NiGHTS: Journey of Dreams has Fluffy Catch, the third stage in the game, as a stopping point for people because the player has to keep Nightopians from drifting upwards into a vortex, requiring the player to scramble back and forth and keep a sharp eye at a point when the game's unusual mechanics are not yet clear (especially if the player has never played the first game). After that, the stages themselves vary a bunch, with the mid-game Crystal Castle levels being pretty hard overall because of the high obstacle density, cramped space, branching paths, and mirror puzzles; and its follow-up, Memory Forest, being relatively empty, open, and straightforward, allowing you to see any enemies and other setbacks far in advance. The bosses themselves can also be all over the place, but this will vary between player to player as nearly every boss in Journey of Dreams is a Puzzle Boss—only Cerberus is defeated by direct attack; all other bosses can only be defeated by figuring out what to do and how to do it in the most efficient manner possible. Because different people will come to correct solutions at different rates, any of the Journey of Dreams bosses except Cerberus can be That One Boss, a total cakewalk, or anything in between. (Bomamba is considered incredibly tough by most, however, even when knowing what to do.)
Beat Em Up
Most of the levels of Altered Beast: Guardian of the Realms are a breeze (in contrast to the bosses) except for a few scattered levels that are intensely and inexplicably difficult (the hardest probably being the fifth). Difficult levels don't seem to get any more (or less) frequent as you near the end, either.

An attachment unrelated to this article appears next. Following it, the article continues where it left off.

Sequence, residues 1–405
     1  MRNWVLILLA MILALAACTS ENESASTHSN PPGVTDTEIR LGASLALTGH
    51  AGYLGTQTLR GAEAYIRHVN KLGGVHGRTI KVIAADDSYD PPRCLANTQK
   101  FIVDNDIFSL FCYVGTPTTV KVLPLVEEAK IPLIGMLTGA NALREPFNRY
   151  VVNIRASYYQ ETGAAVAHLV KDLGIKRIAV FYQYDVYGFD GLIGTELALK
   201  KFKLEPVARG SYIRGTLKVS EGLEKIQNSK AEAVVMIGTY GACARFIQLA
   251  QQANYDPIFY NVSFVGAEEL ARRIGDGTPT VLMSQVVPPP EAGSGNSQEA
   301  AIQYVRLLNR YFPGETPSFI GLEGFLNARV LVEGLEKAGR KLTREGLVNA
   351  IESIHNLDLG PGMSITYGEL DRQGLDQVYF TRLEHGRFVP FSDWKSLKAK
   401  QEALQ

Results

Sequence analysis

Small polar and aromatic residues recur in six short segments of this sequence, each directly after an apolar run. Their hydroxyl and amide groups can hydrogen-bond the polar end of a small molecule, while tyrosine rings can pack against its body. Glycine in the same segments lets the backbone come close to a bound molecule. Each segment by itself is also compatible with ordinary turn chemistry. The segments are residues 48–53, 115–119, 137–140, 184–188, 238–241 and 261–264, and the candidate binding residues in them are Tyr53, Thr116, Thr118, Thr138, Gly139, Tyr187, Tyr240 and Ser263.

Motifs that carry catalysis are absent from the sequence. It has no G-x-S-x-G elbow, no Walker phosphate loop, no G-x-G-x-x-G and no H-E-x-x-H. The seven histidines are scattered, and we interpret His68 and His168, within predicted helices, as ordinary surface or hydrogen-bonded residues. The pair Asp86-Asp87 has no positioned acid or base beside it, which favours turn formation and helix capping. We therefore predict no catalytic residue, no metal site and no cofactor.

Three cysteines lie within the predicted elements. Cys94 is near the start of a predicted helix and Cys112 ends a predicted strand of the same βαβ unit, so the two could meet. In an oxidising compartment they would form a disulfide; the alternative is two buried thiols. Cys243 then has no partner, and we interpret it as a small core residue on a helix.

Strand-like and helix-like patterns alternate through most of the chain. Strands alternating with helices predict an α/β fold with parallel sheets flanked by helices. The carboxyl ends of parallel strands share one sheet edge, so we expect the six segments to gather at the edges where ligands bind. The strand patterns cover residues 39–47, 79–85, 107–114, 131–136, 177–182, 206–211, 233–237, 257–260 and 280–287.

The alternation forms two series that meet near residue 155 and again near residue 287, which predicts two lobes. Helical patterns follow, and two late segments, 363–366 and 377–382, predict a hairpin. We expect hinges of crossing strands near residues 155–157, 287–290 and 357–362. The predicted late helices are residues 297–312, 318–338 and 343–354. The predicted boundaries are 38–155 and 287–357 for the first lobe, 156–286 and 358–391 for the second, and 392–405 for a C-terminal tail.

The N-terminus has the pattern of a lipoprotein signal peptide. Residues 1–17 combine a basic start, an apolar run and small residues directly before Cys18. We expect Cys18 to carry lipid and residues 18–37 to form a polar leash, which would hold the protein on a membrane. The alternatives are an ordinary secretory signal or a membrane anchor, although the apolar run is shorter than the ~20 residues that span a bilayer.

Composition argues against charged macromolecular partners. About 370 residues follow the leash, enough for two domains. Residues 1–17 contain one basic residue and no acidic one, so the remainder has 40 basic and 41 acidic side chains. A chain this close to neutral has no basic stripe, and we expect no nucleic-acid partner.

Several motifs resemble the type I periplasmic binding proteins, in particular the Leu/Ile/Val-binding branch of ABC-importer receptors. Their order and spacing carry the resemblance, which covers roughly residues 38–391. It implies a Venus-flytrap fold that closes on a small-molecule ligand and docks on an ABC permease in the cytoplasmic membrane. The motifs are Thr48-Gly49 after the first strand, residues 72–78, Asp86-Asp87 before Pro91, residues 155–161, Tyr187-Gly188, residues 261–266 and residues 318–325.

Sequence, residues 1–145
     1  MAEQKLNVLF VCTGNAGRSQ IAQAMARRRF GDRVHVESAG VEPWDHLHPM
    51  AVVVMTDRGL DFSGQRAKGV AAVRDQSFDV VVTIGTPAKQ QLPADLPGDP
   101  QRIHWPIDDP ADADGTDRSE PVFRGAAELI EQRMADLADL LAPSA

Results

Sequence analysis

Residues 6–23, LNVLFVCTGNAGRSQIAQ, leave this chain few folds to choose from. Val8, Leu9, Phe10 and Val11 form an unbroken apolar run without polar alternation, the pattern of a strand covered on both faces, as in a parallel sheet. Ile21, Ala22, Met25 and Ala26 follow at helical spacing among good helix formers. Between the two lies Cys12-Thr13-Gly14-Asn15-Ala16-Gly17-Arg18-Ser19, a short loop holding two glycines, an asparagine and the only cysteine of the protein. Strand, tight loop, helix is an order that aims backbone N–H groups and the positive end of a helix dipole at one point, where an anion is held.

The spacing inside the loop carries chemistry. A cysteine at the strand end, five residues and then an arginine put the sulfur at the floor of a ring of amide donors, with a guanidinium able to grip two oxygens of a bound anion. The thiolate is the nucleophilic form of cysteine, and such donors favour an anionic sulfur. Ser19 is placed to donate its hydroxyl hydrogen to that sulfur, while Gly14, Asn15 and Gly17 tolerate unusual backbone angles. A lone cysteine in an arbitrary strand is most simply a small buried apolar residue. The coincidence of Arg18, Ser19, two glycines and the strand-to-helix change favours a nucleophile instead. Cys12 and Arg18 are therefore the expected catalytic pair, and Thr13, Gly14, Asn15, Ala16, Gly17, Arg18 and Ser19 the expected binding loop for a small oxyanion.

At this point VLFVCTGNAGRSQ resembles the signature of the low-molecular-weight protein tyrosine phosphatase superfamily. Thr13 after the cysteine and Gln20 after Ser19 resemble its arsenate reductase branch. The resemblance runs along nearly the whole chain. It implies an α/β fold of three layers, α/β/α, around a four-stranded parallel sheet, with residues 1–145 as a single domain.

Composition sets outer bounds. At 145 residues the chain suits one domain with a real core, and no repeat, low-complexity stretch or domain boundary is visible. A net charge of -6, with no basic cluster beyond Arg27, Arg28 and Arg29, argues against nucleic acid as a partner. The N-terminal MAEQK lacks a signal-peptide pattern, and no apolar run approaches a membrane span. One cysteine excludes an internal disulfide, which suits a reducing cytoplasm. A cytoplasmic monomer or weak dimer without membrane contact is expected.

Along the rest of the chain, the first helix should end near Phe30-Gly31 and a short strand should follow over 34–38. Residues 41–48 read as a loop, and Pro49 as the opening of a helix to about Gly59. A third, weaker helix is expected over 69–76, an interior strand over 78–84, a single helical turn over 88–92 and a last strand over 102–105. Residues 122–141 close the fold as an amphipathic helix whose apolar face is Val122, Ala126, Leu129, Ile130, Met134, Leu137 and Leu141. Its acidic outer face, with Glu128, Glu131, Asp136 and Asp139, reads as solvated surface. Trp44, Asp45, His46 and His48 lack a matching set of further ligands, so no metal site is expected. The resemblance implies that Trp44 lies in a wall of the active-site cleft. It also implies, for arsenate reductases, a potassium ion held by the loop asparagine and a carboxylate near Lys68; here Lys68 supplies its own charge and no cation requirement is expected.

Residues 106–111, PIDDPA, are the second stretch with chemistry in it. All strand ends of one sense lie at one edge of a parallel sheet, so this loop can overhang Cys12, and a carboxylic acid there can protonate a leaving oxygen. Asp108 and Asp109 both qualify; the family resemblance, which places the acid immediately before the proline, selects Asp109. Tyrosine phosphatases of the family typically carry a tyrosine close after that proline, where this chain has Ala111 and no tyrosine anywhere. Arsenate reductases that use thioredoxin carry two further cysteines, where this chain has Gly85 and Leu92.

All the levels in Battletoads are hard, but not sequentially so. Level 3 has the racers, which are virtually impossible, while level 5 has the surfboards, which, while difficult, aren't as bad. In some levels, every obstacle is instant death, while in some other, later levels, all obstacles take one or two units of health.
Scott Pilgrim vs. The World combines this trope with Boss Dissonance. The first level is both fairly simple and ends with Matthew Patel, who is an utter clown in all versions of the story. The second level is slightly harder... and caps with Lucas Lee, who's shockingly hard (especially if he gets hold of a skateboard). The third level doesn't change any, difficulty-wise, but ends with a tough mid-boss fight, followed by the demonically hard Todd Ingram. Then there's the fourth level, notorious for being one of the most frustrating levels in the game, ending with Roxie Richter... who's actually slightly easier than Todd. The fifth level splits in two; you can skip most of the first half, which ends with a fairly simple mid-boss, but you have to slog through a grueling platforming sequence (with no chance to heal) in the second half. And the boss? The Katanayagi Twins, the easiest boss in the game. Finally, the difficulty stabilizes.
A lot of fighting games in general have random characters whose AI seems to vacillate between brilliant and stupid for no discernible reason. Some SNK Bosses even throw in an entire "stupid round" where attacks just seem to work and a "smart round" where they play a Perfect Play A.I..
In Mortal Kombat II, Jade was a secret boss, with the cheap AI that you might expect from a boss. In MK3, Jade was a selectable character, but the programmers never fixed her AI. Considering that it was almost entirely random when, or even if, you fought Jade in single player mode, she was a single-handed example of this trope.